Although the computer industry is suffering from its worst downturn in a decade, and has been hurt as well by the events of Sept. 11, the mood at the largest U.S. computer show was surprisingly upbeat.
Now that the dot-com bubble has burst, the industry is back to focusing on what it does best and is again creating products and technology that are innovative and unique.
Not surprisingly, most people I talked with there were still very concerned about the industry slowdown and unsure when things will turn around. As of now, they see sales of PCs and technology products in general being slow even through the holiday season and not picking up again until mid-2002 at best. Many think we will not see a real turnaround until early 2003.
But, it was quite encouraging to see most of the companies at Comdex turning back to their roots and working on products that are once again innovative and highly creative. Perhaps that will start turning buyers' heads again soon and, if so, we could see our industry moving forward again relatively soon.
The Highlight of the Show
Perhaps the most significant new product introduced at Comdex was the first generation of commercial tablet PCs. At last year's Comdex, Bill Gates introduced the concept and urged vendors to back his vision for a new mobile computing platform.
Most portable computers today use what is called a clamshell format, that is, a keyboard with a hinged screen that lifts up when in use. By comparison, a tablet PC is exactly what it sounds like, a tablet or slate with input from a stylus or pen instead of a mouse or touchpad.
Although various tablets were introduced by Fujitsu and others, the one that got the most attention was Acer's modular tablet PC. Its clever design allows it to function as a tablet, yet its screen flips up to reveal a full keyboard and in this mode, it works just like a normal laptop computer.
While many analysts questioned the original tablet PC concept, most were pleased to see that when a keyboard is added to the design, the tablet PC takes on a more versatile dimension.
Another interesting product category is the information appliance. In the past, National Semiconductor had partnered on various designs, such as 3Com's Audrey and Sony's eVilla. But their somewhat plain vanilla nature led them to fail.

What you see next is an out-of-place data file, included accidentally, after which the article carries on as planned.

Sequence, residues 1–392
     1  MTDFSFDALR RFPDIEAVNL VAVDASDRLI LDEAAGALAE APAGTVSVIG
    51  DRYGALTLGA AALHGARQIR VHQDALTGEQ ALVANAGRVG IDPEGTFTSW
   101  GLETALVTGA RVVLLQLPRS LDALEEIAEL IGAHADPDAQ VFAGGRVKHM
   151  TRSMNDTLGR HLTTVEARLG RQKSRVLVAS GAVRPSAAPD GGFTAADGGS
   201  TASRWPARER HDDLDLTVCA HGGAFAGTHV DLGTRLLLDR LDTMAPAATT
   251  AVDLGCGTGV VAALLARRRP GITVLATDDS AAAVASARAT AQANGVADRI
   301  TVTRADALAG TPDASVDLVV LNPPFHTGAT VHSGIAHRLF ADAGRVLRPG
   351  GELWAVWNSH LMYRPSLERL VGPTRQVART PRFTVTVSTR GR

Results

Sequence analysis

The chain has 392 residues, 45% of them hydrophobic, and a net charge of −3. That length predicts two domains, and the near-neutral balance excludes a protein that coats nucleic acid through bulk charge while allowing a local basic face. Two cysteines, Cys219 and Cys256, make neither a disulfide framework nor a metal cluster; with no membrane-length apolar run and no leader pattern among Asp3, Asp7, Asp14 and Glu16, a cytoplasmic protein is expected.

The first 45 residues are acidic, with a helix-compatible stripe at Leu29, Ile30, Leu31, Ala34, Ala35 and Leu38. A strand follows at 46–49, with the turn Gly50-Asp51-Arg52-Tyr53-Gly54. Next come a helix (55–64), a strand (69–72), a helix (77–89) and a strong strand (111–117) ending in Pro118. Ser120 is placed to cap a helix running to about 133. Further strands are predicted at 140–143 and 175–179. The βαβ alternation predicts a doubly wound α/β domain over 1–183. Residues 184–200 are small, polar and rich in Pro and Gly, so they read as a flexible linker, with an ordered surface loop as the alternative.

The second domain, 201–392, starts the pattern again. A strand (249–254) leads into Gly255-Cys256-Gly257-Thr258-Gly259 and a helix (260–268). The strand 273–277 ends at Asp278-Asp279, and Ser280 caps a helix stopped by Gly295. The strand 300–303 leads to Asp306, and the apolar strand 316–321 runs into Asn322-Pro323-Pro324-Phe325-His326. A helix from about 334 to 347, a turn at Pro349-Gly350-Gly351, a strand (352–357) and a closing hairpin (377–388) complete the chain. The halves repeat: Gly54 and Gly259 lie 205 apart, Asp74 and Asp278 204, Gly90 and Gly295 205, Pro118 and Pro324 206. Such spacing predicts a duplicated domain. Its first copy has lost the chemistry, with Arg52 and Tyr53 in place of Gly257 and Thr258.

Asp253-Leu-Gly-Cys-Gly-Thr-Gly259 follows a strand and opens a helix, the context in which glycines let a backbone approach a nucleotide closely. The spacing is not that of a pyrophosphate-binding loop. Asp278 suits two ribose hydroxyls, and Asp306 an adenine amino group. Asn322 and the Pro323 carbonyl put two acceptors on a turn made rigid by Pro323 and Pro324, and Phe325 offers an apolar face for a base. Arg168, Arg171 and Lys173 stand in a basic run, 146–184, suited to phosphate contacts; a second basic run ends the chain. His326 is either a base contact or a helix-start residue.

Now, National Semiconductor is showing off its Origami prototype, a cross between a Web pad, PDA and a digital camera. Origami is a unique multi-function mobile conceptual design that combines some of today 's most popular electronic products in one package.
The Origami folds and pivots into a digital camera, video camcorder, smart phone, MP3 audio player, Internet access device, Internet picture frame, e-mail device and video conferencing terminal. Think Swiss Army knife approach to an information appliance.
Fancy Cameras and Souped-Up Laptops
Digital cameras were also hot, and Ricoh introduced two models that got a lot of attention. One camera has 802.11 wireless connections built in and another has an MP3 player as one of the camera's features.
New laptops were in abundance as well. The one that really caught my eye was Fujitsu's Lifebook C series that sports a Transmetta processor and has a 9.6-inch sharp-looking LCD screen.
But the $1,499 unit's most striking feature is its inclusion of a DVD and CD read and write drive inside. Compare that to Panasonic's 9" screen stand-alone DVD player selling for $1,495. This is quite a bargain, as you get a DVD player and a full portable PC for the same price.
The folks from Zoran, another Silicon Valley-based semiconductor company, showed some innovative products as well. The new Sharp DVD player has a Zoran processor and a slot which accepts Secure Digital memory cards. This allows the DVD player to display still images that may be stored on these postage stamp-sized memory chips. The Zoran processor is also in the Ricoh camera with the MP3 player inside.
Sony had a big presence at the show, with its MiniDisc optical media as a key storage media for digital audio. Its newest MD player is about the size of the MD media itself and now connects directly to a PC via a USB cable. This allows a user to download MP3 files as well as rip CDs directly onto any disk that can store up to 650 megs of data.
Most MP3 players use flash media that costs $1-$2 per megabyte. But Sony's MD costs only 1 to 2 cents per megabyte, since a single MD disk sells for under $5.
Sony also showed off a prototype of a wristwatch videophone that was the big hit of Sony's keynote address, where Kunitake Ando, Sony's president and COO, showed off a whole host of gadgets that he says are part of its vision for many devices connected to a ubiquitous network.
The other hot product at Comdex was the new Treo from Handspring. Introduced last month, the Treo is the newest entry in the PDA field that has a built-in cell phone and pager that can also access the Internet and e-mail. It uses the Global System for Mobile communication, or GSM, a digital cell phone network standard (widely used in Europe) that allows a cell phone to work internationally. The phone should be out later this year.
Tim Bajarin is a consultant and leading computer industry analyst and futurist, covering the field of personal computers and consumer technology. He's based in Campbell, Calif.